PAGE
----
17 Point Agreement Between Tibet And China

The agreement was signed by Ngapoi Ngawang Jigme, who defended China`s Tibetan tolerance, then sealed in Beijing on May 23, 1951 and confirmed a few months later by the Tibetan government. [12] In addition, the Dalai Lama publicly announced that he would ratify the agreement and its adoption was also sent to Beijing on October 24 in the form of a telegram [4]: the 17-point agreement proved to be an imperfect and ephemeral solution to bring together the Chinese Communists` calls for tolerance of sovereignty with Lhasa`s calls to preserve Tibetan autonomy. It has been deeply affected by the conflict between communist ideology and Chairman Mao`s recognition as a prominent leader and tibetans` deep dedication to the Dalai Lama as a national leader and to the embodied devotion to protection. In 1951, the United States informed the Dalai Lama that in order to obtain U.S. aid and support, he had to leave Tibet and “publicly reject the agreements reached under duress” between representatives of Tibet and China. [5] In 2012, the Dalai Lama mentioned that the seventeen point agreement was signed in the spirit of one country, two systems. [6] [7] * Views recorded between on Cambridge Core. This data is updated every 24 hours. The Chinese put new seals for the Tibetans, but they were just personal seals engraved on the name of each delegate.

Otherwise, there were no false government seals. Part of the confusion stems from the fact that Ngabo had in his possession the seal of the governor of East Timor, but he did not want to use it. This seal, however, was not the official seal of the Tibetan government, so its non-rejection did not reduce the validity of the agreement. In his autobiography, the Dalai Lama explains that Tibetan delegates claimed that they had been forced “under duress” to sign the agreement. Their sense of compulsion stems from China`s general threat to resume military force in the center of the country if no agreement is reached. However, under international law, this does not invalidate an agreement. As long as there is no physical violence against the signatories, an agreement is valid. However, the validity of the agreement rests on the full power of the signatories to conclude an agreement and, as we have seen, this has clearly not been the case. In this sense, the Dalai Lama had reason to deny it. [17] The Tibetan delegation initially objected to the #1 reference to “aggressive imperialist forces in Tibet,” but later acknowledged that there might be forces they were unaware of. The points #2 and #3 were asked about the importance of “local government”, although the importance of “national regional autonomy” was not discussed, as the Tibetan delegation believed that things would continue as before.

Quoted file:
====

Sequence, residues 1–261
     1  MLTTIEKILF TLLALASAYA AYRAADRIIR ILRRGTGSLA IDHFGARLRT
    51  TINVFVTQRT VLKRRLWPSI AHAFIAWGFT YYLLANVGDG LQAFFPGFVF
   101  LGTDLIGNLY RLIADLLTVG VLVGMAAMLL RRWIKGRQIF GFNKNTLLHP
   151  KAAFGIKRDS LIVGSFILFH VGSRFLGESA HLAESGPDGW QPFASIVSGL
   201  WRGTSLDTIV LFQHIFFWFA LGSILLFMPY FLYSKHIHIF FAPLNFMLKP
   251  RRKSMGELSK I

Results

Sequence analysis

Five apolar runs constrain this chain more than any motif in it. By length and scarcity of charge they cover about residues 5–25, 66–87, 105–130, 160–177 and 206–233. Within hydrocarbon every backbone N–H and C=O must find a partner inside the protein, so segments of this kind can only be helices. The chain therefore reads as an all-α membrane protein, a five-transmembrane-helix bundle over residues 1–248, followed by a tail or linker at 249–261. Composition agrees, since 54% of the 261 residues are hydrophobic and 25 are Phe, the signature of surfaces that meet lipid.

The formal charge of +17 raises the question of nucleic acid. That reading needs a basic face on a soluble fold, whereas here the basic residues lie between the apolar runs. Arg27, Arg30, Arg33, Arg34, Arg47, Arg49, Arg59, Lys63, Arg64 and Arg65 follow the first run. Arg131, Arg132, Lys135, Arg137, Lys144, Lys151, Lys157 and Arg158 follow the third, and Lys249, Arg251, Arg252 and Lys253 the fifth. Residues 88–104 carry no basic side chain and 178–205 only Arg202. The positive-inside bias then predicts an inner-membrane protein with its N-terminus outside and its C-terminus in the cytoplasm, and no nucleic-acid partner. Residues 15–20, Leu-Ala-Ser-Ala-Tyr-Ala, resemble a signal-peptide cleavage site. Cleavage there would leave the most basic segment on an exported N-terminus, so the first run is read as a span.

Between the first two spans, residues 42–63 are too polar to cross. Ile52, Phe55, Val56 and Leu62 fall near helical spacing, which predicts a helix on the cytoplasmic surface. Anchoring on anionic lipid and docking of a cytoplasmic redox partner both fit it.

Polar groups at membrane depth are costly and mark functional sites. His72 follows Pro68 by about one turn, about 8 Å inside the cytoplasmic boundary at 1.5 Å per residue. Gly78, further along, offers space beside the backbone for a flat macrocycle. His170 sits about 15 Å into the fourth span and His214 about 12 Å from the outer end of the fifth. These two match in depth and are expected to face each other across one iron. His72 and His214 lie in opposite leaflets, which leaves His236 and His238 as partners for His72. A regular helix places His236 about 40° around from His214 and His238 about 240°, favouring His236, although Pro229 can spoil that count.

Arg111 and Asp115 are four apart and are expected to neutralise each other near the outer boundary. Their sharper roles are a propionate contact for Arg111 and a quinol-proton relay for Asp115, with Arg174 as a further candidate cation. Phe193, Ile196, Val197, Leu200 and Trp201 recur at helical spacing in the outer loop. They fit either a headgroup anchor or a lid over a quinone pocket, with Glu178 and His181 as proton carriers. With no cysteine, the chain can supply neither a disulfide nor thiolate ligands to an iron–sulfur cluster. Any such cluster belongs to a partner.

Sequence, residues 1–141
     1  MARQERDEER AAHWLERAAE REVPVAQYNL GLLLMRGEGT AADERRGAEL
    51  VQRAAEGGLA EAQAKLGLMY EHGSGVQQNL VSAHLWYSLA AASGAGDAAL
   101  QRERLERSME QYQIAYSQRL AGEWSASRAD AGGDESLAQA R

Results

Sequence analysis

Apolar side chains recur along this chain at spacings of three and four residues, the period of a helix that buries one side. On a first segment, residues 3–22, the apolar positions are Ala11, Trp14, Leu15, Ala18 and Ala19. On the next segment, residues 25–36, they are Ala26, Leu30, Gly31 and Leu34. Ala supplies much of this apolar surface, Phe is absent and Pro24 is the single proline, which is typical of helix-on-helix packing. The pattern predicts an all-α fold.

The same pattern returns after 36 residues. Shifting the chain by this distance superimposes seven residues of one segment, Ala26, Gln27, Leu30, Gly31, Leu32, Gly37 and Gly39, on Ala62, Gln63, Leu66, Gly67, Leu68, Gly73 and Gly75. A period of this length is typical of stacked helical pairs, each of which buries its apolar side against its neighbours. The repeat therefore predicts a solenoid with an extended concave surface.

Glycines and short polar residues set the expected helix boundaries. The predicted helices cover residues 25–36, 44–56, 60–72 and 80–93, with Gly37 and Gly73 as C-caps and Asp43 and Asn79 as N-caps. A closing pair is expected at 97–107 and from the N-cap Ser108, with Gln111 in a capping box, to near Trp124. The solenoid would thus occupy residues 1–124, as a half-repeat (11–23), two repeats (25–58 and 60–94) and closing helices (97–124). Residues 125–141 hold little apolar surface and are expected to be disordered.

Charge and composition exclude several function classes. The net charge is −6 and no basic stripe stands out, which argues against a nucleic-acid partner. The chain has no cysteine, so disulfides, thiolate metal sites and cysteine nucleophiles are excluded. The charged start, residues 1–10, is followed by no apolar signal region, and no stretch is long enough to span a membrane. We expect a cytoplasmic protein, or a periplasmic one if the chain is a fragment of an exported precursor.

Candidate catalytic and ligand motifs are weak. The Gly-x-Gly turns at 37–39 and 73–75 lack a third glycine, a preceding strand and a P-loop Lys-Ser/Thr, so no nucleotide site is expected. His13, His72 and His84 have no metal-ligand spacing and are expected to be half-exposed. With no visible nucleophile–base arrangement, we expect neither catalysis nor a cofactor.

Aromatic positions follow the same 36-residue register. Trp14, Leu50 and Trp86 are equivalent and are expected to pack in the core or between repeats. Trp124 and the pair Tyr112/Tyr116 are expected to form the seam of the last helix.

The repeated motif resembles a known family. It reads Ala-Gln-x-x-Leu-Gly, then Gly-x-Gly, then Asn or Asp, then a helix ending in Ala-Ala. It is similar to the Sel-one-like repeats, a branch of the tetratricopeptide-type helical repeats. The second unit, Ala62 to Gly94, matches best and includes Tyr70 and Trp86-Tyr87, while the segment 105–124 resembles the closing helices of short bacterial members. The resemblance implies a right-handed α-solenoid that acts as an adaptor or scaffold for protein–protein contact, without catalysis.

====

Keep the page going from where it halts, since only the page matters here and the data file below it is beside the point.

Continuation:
Mr. Ngapois` delegation tried to withdraw the guarantees of power for the Panchen Lama on the points #5 and #6, but the Chinese delegation replied that the Panchen Lama and the Dalai Lama should be treated in the same way; either they have both guaranteed their power, or neither. The Tibetans recognized the point. Fundamental disagreements over the point #8, the dissolution of the Tibetan army, led to the promise to renegotiate the subject later….